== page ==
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CALIFORNIA | LOCAL
December 6, 1997 | DARRELL SATZMAN
For years, friends had been telling Octavio Palacios that the old Lopez Adobe was haunted. Emptied of its contents and shuttered after the 1994 Northridge earthquake, it isn't hard to see why the 13-year-old believed them. That was until Thursday night, however, when Octavio got his first look inside the historic home with its treasure of antique furniture and artifacts and decided that the stories were all a lot of bunk. "It's dope!" Octavio said, after a thorough tour of the two-story adobe.
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CALIFORNIA | LOCAL
February 11, 2014 | Tony Perry
His aging truck was wheezing and the hot-air balloon in the trailer was ragged and non-functional. So Leonard Knight, self-described "little hobo bird," pulled into a barren patch of desert in the Imperial Valley and decided that he had found the right spot to bring his message to the world: "God is Love. " He planned to spend a week or two. But then he was gripped by the spirit. For the next three decades the lean and sturdy New Englander joyously painted a tall mound of adobe he called Salvation Mountain.
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CALIFORNIA | LOCAL
December 1, 1997 | DARRELL SATZMAN, SPECIAL TO THE TIMES
With the cracks filled in its original adobe bricks, a fresh coat of turquoise paint on its ornate Victorian balcony and newly installed girders and bolts, the historic Lopez Adobe will reopen Thursday almost four years after suffering extensive damage in the Northridge earthquake. San Fernando officials are planning a large fete to celebrate the reopening of the local landmark, which, despite being among the youngest of the Valley's adobes, is also one of the most historically significant.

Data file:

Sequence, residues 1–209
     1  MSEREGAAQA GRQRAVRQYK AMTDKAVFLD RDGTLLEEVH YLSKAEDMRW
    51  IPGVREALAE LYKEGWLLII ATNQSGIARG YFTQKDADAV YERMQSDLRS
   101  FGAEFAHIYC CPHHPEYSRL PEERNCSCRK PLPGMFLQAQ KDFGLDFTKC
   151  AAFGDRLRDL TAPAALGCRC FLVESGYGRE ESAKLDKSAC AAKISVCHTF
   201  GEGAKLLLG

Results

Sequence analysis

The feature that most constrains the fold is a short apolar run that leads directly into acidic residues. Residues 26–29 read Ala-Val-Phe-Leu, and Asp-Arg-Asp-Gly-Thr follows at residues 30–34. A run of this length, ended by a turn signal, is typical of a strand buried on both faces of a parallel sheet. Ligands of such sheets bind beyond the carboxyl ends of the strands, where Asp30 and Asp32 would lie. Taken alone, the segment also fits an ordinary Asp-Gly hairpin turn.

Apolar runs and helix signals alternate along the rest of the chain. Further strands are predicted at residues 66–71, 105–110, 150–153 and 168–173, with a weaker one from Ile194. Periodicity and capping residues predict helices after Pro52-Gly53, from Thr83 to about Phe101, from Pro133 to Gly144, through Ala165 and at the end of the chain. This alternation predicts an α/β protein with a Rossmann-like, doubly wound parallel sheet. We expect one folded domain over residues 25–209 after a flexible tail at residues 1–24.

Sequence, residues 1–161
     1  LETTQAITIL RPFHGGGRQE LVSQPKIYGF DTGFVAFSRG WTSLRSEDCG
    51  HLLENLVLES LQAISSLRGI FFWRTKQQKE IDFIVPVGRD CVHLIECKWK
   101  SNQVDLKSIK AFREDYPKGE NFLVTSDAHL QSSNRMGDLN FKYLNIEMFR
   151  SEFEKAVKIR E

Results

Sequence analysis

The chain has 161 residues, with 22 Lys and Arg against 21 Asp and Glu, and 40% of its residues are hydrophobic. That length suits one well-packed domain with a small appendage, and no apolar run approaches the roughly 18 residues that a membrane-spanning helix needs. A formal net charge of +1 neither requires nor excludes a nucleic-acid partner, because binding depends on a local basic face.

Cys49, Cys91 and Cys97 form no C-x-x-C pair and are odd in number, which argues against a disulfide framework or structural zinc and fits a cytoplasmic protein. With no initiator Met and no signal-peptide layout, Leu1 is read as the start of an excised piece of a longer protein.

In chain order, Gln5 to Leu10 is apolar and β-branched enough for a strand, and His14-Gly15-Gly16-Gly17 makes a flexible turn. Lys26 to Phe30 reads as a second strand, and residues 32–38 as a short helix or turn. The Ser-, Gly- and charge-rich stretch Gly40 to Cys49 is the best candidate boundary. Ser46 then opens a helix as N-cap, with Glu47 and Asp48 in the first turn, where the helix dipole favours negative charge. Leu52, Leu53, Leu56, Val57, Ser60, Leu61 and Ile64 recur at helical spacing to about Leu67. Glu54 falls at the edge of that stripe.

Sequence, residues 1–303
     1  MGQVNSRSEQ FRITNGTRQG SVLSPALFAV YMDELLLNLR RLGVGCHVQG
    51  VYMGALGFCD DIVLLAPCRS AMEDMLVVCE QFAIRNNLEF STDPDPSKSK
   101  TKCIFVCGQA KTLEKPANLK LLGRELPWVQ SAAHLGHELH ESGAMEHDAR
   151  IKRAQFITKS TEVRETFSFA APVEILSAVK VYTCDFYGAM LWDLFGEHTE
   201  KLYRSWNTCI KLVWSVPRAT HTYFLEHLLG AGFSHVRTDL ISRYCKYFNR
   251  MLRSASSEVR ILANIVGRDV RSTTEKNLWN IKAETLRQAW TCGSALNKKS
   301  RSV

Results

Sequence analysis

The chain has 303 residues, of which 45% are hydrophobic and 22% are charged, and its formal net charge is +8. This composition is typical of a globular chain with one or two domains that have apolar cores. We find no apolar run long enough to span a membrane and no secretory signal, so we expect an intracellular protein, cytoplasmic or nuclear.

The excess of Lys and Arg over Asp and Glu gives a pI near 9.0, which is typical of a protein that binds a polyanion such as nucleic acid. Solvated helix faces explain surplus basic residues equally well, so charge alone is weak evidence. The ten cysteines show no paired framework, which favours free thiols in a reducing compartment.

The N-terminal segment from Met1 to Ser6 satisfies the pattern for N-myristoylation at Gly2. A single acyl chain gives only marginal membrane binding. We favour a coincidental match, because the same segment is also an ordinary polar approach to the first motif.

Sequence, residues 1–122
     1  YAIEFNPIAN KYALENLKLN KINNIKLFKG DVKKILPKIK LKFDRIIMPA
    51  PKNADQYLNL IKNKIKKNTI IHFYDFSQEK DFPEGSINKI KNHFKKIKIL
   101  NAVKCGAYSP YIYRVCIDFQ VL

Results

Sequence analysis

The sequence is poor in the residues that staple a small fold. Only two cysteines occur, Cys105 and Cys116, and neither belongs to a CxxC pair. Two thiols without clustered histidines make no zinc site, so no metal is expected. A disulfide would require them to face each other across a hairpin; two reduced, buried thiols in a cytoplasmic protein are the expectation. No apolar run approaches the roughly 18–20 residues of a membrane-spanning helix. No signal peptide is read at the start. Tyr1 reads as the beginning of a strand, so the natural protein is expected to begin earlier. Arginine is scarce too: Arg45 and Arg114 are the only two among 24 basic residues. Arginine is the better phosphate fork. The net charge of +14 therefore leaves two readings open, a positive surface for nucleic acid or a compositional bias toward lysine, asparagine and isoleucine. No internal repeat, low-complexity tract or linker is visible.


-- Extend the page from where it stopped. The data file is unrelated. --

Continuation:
NEWS
October 30, 2013 | By Salvador Rodriguez
After originally saying that fewer than 3 million users had been affected by a cyber security breach earlier this month, Adobe is now saying that at least 38 million users' accounts were compromised. The software company, known for Photoshop and other programs, said hackers were able to obtain the Adobe IDs and encrypted passwords for about 38 million users who are active with their accounts.  “We have completed email notification of these users. We also have reset the passwords for all Adobe IDs with valid, encrypted passwords that we believe were involved in the incident -- regardless of whether those users are active or not," the Silicon Valley company told KresbonSecurity, a cyber security website.  However, hackers were also able to access other types of accounts, including some by users who are no longer active.
CALIFORNIA | LOCAL
July 25, 1997 | STEPHANIE STASSEL
Peering out from stagecoach windows, weary travelers making their way from Los Angeles to San Francisco in the mid-1800s would come upon a welcome sight when they reached the northeast San Fernando Valley. Situated among the cattle and wild mustard was Lopez Station, where the stage stopped twice a week until 1874, when it was replaced by the railroad.
CALIFORNIA | LOCAL
February 14, 1994 | CECILIA RASMUSSEN